Speaker 3:

Uh, officers are going quite small. Um, I'd to will say to, you know, to get around, it's an open planned office. There's a few of us actually can be a bit difficult if everybody's in the office the same time. Uh, I use confused a lot of engagement coordinator. I'd like to go out and meet people, talk to people, to plan to spend time on the phone. However, I also have an admin support medical Hannah who could, you know, I can do all of this stuff. It does have to do it. Yeah. No, I know grades or certain meetings up organizing me on most organized person in the world and it was graded as well. I always say he's a voice activated software. Oh my God. Sandy hills. Um, so yeah, you know where

Speaker 2:

this is. Absolutely. I put. So what, what kind of advice would you give to people about, about the solution in the office environment, but looks people in an office space,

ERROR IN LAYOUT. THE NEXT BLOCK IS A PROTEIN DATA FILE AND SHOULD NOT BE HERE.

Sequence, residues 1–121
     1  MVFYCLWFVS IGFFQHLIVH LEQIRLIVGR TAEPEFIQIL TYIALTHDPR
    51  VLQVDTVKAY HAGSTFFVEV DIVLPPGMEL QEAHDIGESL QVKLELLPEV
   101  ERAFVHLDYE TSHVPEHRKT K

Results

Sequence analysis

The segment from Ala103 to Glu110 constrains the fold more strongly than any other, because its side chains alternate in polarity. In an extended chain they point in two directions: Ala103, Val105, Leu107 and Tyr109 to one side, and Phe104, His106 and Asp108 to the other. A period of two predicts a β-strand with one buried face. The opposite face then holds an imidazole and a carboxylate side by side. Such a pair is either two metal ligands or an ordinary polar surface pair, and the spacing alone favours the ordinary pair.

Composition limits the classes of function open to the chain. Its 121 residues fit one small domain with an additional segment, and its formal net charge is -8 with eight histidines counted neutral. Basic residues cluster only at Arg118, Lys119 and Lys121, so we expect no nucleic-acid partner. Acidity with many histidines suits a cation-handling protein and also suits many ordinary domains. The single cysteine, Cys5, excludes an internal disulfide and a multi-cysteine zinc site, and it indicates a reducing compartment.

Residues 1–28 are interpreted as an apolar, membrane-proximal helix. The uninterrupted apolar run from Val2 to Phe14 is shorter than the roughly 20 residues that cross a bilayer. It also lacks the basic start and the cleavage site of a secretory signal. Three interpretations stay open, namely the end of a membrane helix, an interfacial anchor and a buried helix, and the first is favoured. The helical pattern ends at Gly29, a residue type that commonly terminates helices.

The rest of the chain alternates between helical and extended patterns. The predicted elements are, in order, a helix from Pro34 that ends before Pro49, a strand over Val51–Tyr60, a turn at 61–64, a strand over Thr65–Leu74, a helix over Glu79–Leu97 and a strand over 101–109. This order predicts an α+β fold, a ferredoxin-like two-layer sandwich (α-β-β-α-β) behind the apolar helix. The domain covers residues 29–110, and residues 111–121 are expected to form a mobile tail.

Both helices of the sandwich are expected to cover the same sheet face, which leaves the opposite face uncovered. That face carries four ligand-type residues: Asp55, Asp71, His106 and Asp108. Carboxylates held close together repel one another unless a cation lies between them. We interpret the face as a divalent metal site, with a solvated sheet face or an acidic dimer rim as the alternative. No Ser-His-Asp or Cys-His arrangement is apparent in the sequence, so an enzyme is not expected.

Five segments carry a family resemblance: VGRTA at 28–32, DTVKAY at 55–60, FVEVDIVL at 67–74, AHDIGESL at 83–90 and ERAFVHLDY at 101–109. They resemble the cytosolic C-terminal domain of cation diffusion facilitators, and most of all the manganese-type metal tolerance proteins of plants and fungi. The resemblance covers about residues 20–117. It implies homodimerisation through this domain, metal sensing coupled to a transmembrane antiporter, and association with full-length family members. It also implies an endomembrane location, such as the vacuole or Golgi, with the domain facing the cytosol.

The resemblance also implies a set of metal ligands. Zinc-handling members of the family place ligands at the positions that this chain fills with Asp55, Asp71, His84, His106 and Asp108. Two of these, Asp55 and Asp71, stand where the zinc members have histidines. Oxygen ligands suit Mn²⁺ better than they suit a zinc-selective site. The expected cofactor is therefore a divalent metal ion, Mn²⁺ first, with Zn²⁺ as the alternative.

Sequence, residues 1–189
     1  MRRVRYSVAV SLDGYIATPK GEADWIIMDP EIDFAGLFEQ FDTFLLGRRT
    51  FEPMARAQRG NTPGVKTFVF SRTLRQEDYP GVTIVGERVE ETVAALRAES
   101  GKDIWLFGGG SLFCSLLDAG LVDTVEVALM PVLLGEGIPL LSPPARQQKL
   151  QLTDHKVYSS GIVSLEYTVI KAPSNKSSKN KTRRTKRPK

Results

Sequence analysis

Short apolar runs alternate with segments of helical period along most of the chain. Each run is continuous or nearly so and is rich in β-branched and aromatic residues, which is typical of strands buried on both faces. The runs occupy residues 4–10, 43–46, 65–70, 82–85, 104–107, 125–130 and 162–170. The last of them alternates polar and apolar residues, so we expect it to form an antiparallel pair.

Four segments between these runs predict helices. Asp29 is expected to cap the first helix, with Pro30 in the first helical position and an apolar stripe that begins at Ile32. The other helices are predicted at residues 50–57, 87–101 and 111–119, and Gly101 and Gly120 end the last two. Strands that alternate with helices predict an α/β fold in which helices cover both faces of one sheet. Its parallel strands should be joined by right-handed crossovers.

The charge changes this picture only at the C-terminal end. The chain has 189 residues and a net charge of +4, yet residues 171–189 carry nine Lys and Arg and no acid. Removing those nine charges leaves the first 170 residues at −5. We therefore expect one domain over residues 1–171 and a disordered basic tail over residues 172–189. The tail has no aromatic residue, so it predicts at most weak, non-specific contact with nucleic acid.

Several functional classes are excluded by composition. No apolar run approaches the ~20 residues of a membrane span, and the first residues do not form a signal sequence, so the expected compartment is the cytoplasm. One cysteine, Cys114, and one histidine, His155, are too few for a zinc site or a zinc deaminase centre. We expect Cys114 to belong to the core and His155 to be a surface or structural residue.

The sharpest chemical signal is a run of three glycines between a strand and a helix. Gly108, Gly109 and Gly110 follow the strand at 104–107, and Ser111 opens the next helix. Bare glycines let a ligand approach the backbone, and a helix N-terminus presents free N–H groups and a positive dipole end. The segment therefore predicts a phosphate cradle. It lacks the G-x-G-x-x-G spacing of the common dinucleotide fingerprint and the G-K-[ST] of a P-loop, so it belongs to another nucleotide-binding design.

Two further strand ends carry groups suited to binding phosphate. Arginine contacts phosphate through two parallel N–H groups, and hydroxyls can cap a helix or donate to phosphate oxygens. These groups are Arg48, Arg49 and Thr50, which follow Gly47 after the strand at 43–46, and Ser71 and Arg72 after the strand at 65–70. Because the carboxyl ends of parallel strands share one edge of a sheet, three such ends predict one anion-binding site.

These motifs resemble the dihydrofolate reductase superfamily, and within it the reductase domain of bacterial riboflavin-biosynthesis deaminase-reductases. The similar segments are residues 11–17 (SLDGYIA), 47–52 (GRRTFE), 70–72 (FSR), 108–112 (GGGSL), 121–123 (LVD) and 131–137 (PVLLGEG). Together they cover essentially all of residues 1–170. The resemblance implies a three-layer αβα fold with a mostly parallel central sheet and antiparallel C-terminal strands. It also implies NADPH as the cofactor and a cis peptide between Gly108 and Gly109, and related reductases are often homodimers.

Speaker 3:

um, speak to the individual to find out what, what did she say? How, what I found out, people tend to make assumptions. Yeah. Quite easily. You know, are my personal opinions. I mean people will look at me and then subconsciously put themselves in my, my position now think, crikey, how would I do this if I didn't have, didn't know that will never, never, never happened, but speak to the individual, find out what they want they can, they can do and consult with them and just be as flexible.

Speaker 2: